“If there are no major challenges with vaccine production, our forecasts indicate that we will reach the goal that everyone in the adult population has been offered a vaccine just before or at the beginning of summer,” she told broadcaster TV2.
Solberg added that this target might be missed if unforeseen circumstances occur such as issues with vaccine deliveries. The National Institute of Public Health (NIPH) is expected to publish an updated plan for Norway’s vaccination programme this week.
Norway’s decision to extend its suspension of the AstraZeneca vaccine has delayed the programme, but Solberg said that all adults could still be offered a vaccine by summer.
She added that the vaccination program is an important factor in being able to reopen the country. She is expected to present her plan for reopening over Easter and will provide a clearer picture of what to expect.
“I hope we will be able to open up many parts of society before September, but we must have control of infections,” she told the broadcaster.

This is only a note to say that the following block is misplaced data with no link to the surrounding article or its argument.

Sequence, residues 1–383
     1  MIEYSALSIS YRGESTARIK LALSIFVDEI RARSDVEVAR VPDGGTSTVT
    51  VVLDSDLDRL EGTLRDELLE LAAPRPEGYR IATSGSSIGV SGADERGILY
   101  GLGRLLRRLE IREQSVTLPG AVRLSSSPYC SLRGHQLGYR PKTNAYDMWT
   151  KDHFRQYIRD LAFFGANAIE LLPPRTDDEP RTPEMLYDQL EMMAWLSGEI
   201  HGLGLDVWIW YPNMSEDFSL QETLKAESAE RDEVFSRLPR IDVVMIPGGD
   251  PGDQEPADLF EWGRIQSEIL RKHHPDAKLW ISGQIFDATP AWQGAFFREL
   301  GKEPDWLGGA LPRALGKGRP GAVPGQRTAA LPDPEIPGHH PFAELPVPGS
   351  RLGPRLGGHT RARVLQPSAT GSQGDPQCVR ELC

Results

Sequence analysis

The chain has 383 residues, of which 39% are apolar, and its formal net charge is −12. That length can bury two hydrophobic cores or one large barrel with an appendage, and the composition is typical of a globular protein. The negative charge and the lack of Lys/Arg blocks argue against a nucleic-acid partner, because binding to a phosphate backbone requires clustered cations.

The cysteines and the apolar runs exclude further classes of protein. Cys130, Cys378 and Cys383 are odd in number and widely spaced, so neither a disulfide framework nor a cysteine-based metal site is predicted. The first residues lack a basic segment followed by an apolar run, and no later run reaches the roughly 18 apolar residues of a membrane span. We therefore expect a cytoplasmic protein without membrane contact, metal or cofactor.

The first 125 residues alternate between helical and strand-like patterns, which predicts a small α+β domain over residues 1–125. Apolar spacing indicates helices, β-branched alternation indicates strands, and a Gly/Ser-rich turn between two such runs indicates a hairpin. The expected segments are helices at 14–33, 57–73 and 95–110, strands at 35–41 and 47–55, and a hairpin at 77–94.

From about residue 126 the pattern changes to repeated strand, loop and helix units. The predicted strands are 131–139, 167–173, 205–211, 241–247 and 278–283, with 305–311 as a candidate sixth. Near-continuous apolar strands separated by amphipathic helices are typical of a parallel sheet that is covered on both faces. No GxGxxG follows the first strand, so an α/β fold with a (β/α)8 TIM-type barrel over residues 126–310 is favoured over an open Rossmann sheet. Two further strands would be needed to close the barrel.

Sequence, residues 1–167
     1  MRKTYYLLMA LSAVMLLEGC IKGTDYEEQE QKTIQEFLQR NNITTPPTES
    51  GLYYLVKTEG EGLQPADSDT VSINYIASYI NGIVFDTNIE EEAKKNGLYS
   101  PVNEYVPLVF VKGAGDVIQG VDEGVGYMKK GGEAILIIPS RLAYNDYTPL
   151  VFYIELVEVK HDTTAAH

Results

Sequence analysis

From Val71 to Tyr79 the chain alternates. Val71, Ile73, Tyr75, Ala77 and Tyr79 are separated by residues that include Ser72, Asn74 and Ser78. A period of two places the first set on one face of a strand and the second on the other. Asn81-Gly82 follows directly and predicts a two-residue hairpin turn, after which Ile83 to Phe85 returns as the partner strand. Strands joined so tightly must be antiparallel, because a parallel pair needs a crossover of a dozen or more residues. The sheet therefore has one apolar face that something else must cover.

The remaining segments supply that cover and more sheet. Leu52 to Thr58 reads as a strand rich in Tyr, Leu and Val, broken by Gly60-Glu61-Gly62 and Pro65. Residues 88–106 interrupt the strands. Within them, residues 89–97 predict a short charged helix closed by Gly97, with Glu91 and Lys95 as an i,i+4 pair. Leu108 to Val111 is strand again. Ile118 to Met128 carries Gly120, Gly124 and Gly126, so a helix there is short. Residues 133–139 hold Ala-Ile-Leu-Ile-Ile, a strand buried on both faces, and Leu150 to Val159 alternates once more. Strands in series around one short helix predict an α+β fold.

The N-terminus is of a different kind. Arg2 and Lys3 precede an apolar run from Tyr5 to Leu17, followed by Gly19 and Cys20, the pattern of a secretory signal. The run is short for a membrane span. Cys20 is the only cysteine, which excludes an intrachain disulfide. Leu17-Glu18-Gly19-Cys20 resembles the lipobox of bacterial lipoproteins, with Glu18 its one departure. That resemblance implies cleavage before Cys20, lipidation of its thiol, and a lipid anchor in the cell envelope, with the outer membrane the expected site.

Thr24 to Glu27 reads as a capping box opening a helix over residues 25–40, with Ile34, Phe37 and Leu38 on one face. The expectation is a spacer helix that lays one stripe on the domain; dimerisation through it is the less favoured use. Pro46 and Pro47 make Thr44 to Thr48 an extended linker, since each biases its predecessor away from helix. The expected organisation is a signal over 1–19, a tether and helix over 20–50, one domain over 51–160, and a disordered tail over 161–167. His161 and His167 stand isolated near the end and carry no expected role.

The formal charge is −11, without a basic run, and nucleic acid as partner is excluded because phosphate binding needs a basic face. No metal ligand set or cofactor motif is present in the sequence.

The PM refused to get drawn into details of when we can expect to see retail, hospitality and nightlife fully reopen.
“As long as we have a pandemic and are not vaccinated well enough, we cannot date different things, “she said.
‘A good sign’: Norway’s health chief says reason to be positive despite surge in infections
The reproduction rate, or R number, will be key in assessing future developments rather than the number of infections according to Solberg.
“The R-number should be below 1, that is what ensures that the infection does not increase,” she said.
An R-number below 1.0 means that 10 people with the virus will pass it on to fewer than 10 others. As such, the epidemic will recede.
The prime minister added that she also couldn’t promise anything when it comes to concerts, festivals and other large events, which she believes have the potential to be major spreaders of Covid-19.
“We can still experience a large spread of infection, even though many have been vaccinated. If many are together, the potential for a wave of infection will still be there,” she said.